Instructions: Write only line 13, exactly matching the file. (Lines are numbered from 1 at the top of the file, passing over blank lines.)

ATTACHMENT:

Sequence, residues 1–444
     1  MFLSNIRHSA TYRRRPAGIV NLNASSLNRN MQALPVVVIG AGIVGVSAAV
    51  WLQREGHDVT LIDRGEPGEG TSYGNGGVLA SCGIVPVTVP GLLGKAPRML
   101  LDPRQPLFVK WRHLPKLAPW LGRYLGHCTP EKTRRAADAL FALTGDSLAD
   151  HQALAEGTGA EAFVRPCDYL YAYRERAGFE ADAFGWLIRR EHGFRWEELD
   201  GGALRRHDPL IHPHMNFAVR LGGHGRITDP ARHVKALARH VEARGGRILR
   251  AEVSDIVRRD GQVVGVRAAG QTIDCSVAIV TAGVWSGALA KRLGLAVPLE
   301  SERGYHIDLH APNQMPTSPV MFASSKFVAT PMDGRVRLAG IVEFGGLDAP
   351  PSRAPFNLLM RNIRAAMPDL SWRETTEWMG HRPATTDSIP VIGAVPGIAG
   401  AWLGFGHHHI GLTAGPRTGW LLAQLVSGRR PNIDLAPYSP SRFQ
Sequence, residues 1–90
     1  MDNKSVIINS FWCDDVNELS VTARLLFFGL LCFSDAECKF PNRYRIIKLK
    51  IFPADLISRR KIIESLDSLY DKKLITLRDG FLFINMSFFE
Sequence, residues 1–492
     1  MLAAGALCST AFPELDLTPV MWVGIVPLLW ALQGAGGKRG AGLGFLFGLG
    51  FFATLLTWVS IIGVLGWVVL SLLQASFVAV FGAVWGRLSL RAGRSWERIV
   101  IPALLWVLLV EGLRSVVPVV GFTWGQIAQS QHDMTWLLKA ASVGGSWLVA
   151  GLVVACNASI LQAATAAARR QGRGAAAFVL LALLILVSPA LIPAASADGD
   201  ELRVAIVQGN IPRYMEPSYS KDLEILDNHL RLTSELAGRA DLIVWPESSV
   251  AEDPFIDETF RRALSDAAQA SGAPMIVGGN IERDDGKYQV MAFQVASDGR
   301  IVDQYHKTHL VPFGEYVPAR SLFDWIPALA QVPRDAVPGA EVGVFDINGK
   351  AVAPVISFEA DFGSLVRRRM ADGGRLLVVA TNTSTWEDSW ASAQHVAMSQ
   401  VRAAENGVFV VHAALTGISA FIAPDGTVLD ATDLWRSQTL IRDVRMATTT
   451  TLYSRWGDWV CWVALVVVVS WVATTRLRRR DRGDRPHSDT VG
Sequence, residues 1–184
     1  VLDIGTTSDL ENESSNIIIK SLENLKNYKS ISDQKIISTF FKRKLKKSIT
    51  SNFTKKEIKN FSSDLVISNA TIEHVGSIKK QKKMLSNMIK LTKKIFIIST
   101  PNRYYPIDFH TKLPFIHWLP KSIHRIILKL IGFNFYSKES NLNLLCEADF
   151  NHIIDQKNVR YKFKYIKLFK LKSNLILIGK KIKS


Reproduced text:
    51  IFPADLISRR KIIESLDSLY DKKLITLRDG FLFINMSFFE